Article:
Keep your fingers, cut the squash. Use a sharp, sturdy knife for peeling, cutting and chopping hard squash. Dull knives will cause you to press to hard and risk slipping off the vegetable and onto your fingers or hand. And be sure your cutting board does not move by placing a silicon mat or towel underneath it.
Warm it up to peel it up. By nuking your whole Hard Squash in the microwave for 2-3 minutes the skin will soften a little and become easier to peel with a knife. Try it!
Pre-rinse the squash in running water and wipe the skin with a clean rag or paper towel. This keeps your cutting surface clean and your knife (which goes into the flesh) clean.
Save some for later. Chopped hard squash, like Butternut, that is uncooked will last for several days in the fridge packed in a plastic bag or container.
Selection and storage. Select Hard Squashes that are solid, free from stem-mold and feels heavy for their size. Because they’re so firm, they can be often be kept at room temperature on your counter for a few weeks.
Avoid the work. Many natural foods stores and food co-ops now offer a “cut and peeled” pack of Organic Butternut Squash that is ready to use as soon as you buy it.
RECIPE: Spiced Butternut, Apples and Kale
- Boil 1 peeled and cubed Butternut Squash (about 2 cups or 20oz) for 4-5 minutes
- Drain the water then add 2 large apples, peeled and cubed to the cooking pot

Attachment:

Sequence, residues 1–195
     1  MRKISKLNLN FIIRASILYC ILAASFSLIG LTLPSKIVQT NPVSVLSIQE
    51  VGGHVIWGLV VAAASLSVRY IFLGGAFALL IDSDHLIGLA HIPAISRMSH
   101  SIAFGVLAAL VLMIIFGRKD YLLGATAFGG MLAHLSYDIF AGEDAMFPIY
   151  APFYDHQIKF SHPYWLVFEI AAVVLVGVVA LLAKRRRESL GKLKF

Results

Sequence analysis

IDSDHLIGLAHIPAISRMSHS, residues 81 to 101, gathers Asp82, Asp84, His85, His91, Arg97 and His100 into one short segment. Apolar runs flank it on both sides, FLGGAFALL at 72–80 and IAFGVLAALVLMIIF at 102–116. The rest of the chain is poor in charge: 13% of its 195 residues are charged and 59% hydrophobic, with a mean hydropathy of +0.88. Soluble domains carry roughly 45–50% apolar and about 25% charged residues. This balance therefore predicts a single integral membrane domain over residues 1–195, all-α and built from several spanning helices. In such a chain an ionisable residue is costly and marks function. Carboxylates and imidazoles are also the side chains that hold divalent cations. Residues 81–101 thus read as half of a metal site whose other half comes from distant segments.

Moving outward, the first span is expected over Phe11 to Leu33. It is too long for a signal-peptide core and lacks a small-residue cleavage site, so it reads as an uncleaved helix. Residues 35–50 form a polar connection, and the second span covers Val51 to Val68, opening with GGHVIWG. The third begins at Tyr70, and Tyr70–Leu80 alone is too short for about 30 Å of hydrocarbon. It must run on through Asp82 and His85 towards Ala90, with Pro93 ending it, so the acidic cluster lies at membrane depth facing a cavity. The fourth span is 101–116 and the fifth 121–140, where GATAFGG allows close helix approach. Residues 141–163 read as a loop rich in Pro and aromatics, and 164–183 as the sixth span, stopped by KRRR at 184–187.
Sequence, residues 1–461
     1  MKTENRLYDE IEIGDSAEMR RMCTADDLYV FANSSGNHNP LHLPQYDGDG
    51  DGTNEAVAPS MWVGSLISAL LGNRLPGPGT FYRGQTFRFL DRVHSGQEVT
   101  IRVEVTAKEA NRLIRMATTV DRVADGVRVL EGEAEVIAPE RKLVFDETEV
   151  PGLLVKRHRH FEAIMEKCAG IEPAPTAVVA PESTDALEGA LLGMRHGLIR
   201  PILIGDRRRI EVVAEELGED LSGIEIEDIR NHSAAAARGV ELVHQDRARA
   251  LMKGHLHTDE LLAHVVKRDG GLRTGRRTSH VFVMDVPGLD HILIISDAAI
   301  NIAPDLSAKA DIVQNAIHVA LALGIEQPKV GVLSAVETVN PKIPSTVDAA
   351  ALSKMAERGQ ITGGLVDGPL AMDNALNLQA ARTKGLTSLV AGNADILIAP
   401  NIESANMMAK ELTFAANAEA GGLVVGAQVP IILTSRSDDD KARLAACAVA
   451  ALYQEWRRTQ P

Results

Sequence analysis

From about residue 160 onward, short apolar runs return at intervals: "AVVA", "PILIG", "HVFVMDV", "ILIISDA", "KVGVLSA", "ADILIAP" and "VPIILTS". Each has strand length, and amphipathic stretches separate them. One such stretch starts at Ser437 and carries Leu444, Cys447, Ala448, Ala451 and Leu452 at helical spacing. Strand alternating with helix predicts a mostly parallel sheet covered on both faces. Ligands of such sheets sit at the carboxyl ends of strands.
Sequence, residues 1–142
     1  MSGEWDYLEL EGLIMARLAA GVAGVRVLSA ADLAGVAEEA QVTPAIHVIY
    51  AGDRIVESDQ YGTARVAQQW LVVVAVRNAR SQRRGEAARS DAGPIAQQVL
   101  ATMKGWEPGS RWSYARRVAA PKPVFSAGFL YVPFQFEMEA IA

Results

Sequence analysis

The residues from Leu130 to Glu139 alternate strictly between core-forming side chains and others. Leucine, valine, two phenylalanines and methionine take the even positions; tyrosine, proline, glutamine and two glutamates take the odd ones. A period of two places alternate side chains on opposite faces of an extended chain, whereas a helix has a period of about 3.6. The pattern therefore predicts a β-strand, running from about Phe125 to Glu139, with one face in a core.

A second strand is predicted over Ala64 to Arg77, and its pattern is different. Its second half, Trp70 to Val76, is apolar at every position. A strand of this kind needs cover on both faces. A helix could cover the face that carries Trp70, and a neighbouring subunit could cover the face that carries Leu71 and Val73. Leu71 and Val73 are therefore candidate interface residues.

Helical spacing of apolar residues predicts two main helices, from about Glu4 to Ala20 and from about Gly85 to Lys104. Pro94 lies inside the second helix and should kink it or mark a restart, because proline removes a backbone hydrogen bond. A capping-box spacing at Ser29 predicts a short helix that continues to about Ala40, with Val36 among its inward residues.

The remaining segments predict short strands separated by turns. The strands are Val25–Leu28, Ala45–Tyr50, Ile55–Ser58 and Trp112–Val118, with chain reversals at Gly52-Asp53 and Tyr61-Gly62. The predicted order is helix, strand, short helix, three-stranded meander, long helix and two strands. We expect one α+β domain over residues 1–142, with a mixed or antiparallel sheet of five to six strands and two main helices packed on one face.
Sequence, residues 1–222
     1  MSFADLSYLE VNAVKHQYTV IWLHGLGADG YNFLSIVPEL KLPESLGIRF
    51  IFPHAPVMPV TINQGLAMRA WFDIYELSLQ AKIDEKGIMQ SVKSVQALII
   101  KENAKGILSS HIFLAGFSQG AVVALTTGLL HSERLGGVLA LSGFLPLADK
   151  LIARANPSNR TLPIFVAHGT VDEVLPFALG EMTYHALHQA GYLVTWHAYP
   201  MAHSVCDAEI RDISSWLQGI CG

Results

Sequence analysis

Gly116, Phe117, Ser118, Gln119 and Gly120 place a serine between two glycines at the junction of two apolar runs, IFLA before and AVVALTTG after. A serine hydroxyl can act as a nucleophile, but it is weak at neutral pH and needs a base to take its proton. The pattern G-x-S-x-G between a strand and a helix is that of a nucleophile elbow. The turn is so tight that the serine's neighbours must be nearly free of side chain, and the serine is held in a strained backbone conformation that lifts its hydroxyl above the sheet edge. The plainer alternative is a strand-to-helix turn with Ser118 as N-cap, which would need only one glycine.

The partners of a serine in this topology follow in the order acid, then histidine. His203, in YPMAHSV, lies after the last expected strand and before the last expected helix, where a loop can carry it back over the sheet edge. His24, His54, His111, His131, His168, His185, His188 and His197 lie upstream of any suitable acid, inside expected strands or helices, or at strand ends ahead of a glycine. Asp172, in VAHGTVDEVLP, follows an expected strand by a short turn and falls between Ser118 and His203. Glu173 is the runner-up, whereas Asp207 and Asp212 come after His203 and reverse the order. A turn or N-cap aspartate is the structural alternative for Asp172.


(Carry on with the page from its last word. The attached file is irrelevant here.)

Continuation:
- Add 3 tbsp Olive Oil and 3 tbsp Apple Cider Vinegar
- Add 1 bunch Kale, de-stemmed and roughly chopped
- Cover cooking pot tightly with lid and allow to simmer over medium heat for 3 minutes
- Remove lid and season with
- ½ tsp Coarse Sale
- ¼ tsp each: Cracked Black Pepper, Cinnamon, Ground Ginger, Ground Cloves
- Re-cover and simmer for another 3 minutes
- Stir gently and serve
PEAK SEASON | BEST FLAVOR
Fresh Organic Cranberries from Wisconsin and Canada are now in peak season! Time to “think Autumn”, dust off your recipe cards and go to the web for some new recipe ideas to take advantage of these healthy, intensely tangy berries. What a fantastic fall flavor! Can you eat Cranberries raw? You can, but they’re quite tart. Fresh Cranberries are best used in recipes for: appetizers, relishes, sauces, chutneys, relishes, breads, muffins, drinks and desserts.
RECIPE: Fresh Cranberry Sauce
Homemade Whole Cranberry Sauce is way easier than you may have thought. If you want to skip the canned stuff this season